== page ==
Eugene Y. Wang, the Abby Aldrich Rockefeller Professor of Asian Art at Harvard University, studies how images add up to spell an intelligent program and how that program may be counted on as an automated process working its own efficacy, often requiring no audience. His recent works explore the conceptual blueprint of the first Chinese emperor’s tomb complex and the pictorial programs of meditation in Buddhist caves.
At Radcliffe, Wang is uncovering how heaven is differently imagined in traditional Chinese art by asking why heaven often appears in unexpected places such as tombs and caves and why going up often involves going down. The larger question he gets at is the Chinese primacy of temporality, often overlooked: is heaven more of a spatial concept or temporal one in Chinese artistic imagination? Can we imagine heaven, as the traditional Chinese did, as a rotating wheel rather than a stable region out there? What is the cognitive mechanism of heaven sighting in earthly omens? Why is the notion of heaven as the apocalyptic vision relatively alien to the Chinese habit of thought?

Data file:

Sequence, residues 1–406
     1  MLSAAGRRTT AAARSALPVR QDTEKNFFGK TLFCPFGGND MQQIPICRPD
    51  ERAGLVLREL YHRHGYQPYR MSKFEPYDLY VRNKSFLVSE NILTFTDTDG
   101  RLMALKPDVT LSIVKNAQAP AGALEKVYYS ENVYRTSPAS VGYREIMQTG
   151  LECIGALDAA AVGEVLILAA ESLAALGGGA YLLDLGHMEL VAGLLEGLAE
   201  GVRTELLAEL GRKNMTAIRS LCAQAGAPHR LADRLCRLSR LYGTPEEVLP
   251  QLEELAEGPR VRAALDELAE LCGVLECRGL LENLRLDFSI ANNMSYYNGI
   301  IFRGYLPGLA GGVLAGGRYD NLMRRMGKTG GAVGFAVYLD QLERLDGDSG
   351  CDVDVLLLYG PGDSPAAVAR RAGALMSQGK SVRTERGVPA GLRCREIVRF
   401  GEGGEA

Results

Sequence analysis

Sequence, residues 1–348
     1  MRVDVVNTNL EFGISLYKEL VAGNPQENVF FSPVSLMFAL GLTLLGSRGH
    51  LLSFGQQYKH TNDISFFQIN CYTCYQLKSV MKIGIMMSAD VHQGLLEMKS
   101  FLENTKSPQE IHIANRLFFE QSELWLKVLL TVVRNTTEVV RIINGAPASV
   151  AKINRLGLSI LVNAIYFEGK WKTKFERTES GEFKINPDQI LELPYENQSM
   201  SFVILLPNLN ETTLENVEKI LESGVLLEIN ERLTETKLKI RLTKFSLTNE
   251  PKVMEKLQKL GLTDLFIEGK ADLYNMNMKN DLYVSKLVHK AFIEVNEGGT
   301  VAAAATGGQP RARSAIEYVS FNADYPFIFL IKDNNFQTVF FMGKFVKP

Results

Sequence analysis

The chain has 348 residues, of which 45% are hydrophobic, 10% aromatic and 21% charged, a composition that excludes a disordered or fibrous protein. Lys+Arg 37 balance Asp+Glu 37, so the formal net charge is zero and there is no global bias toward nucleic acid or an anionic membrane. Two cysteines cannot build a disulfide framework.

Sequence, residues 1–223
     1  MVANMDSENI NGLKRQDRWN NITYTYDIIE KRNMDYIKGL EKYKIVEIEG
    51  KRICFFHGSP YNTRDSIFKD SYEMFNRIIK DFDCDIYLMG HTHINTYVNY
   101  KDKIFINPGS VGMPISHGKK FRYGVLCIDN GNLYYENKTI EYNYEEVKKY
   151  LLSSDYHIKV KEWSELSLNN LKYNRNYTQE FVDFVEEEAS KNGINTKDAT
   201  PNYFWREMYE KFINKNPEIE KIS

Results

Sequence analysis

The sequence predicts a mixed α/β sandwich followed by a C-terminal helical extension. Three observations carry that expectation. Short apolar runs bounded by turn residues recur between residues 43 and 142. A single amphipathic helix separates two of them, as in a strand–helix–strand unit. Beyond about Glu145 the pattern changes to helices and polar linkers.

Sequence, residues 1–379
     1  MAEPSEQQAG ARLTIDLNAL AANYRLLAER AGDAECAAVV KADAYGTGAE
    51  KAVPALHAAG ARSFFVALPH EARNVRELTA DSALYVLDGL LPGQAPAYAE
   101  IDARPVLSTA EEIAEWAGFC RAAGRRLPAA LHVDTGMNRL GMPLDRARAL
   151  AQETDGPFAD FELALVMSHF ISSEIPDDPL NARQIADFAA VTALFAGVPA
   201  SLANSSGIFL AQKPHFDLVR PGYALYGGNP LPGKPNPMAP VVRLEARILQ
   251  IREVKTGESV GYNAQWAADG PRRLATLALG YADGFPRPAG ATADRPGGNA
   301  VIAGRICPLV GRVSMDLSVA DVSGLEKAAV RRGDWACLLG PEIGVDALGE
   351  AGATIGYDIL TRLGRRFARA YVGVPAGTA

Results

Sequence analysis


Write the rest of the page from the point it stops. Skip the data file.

Wang, who earned his PhD in art history from Harvard, has received a Charles A. Ryskamp Research Fellowship, a Guggenheim Fellowship, and a J. Paul Getty Postdoctoral Fellowship. His book, Shaping the Lotus Sutra: Buddhist Visual Culture in Medieval China (University of Washington Press, 2005), garnered an academic achievement award from Rissho University, in Japan. He is the art history associate editor of Encyclopedia of Buddhism (Macmillan Reference, 2004).